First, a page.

Lenders across Australia are seeing a 'dislocation' between their own mortgage rates and the official cash rate, hence eating away at their profit margins as competition continues to heat up.
Earlier this month, the Bank of Queensland hiked its variable rates for owners and occupiers due to increased competition and higher funding costs. UBS analyst Jonathan Mott labeled the move back then as 'unprecedented,' and potentially risky because frustrated existing customers may leave for cheaper deals elsewhere. However, this move led to a string of home loan rate hikes out of cycle with the Reserve Bank.
According to JP Morgan, refinancing has more than tripled over the last year, rising from 10 per cent in early 2015 to 35 per cent at present. Borrowers are now shopping for better rates.
"We're operating in a market that is probably as dynamic as it's ever been in terms of price points," said Matt Baxby, Bank of Queensland retail banking boss. "There's high awareness that better rates are on offer at any particular point in time so we need to maintain a price point that keeps us competitive."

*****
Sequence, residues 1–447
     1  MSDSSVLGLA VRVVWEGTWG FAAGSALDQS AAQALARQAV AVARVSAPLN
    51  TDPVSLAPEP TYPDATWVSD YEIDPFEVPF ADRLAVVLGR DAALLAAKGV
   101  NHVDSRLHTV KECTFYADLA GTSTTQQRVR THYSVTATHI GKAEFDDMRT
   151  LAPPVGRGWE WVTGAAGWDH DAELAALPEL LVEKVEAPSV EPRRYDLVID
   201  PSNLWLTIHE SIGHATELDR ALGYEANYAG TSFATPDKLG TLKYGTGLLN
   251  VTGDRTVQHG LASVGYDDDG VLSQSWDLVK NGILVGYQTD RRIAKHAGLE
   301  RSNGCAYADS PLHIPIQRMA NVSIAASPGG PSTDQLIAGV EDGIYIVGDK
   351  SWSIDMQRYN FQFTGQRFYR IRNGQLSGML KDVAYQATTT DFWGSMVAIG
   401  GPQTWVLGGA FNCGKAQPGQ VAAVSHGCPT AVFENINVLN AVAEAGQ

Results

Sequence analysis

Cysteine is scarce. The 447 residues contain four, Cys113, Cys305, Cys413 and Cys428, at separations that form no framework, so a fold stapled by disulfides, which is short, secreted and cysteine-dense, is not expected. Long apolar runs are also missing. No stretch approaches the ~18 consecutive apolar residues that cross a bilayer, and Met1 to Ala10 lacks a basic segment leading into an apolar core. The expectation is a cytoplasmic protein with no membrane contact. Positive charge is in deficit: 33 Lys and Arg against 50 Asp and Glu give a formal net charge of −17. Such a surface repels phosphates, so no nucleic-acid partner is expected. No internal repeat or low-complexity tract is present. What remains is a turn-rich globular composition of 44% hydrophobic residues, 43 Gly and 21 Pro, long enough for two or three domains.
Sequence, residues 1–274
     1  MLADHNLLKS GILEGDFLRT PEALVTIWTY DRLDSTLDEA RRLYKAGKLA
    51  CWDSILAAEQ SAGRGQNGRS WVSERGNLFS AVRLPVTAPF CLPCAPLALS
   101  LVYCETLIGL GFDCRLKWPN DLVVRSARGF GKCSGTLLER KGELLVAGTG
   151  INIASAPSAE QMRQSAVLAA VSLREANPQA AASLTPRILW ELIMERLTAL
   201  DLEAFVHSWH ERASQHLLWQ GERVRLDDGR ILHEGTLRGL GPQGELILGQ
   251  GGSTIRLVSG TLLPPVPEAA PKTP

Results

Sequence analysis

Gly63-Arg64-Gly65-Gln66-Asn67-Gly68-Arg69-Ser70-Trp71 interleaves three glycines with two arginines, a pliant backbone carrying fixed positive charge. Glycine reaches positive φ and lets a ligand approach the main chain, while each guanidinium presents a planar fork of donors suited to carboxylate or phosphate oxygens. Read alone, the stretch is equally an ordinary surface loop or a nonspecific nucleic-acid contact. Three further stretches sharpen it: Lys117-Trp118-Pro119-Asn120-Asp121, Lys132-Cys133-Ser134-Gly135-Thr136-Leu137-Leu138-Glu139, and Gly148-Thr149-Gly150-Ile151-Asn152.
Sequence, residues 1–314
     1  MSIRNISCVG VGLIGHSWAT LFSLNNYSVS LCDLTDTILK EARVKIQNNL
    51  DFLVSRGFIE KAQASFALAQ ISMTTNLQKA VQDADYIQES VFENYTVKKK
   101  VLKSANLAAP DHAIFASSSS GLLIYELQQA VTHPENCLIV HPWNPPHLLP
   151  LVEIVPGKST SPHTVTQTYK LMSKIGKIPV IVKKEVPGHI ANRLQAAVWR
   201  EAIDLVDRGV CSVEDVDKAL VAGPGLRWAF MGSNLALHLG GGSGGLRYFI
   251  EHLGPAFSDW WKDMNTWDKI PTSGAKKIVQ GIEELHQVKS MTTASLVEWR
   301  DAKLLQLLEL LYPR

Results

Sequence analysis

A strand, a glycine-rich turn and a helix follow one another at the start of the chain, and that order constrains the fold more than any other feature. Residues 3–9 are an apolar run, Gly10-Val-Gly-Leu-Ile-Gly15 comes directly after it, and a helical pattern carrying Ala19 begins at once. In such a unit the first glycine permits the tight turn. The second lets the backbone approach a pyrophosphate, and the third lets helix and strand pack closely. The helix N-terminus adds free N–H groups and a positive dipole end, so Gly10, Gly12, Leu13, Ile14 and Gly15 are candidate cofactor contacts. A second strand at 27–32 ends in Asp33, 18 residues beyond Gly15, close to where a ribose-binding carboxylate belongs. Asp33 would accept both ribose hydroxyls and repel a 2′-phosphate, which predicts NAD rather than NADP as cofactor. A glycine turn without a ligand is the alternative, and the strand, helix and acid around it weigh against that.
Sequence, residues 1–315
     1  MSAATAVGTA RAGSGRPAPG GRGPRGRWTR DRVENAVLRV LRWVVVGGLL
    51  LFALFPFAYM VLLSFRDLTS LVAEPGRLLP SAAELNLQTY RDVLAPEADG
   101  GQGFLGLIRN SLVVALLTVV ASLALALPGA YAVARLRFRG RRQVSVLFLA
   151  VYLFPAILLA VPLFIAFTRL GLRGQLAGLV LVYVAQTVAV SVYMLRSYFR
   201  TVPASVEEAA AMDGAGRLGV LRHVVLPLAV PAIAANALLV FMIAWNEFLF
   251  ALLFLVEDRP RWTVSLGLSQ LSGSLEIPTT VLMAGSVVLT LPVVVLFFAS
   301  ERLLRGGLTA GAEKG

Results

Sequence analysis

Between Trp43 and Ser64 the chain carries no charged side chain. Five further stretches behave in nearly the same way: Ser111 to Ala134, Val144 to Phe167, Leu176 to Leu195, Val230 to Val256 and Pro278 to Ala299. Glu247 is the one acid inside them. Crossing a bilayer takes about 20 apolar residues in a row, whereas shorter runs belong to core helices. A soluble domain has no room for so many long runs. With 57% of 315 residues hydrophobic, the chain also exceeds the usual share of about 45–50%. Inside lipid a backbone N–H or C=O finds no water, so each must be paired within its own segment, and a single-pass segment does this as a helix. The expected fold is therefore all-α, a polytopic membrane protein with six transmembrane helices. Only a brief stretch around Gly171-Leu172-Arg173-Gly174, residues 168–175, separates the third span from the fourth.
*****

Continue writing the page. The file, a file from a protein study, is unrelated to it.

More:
James Hickey of Deloitte said that competition in the market is deepening. "It's a challenge to maintain your front book competitiveness and your back book stability. I think we've seen a lot of groups further segment their portfolio further into discrete components so they can separately price different parts of their portfolio with far more targeted pricing strategies to attract new customers and keep back book retention," he said.
The variable rates for Bank of Queensland's owner-occupied loans are now at 5.86 per cent while investor loans are at 6.28 per cent.
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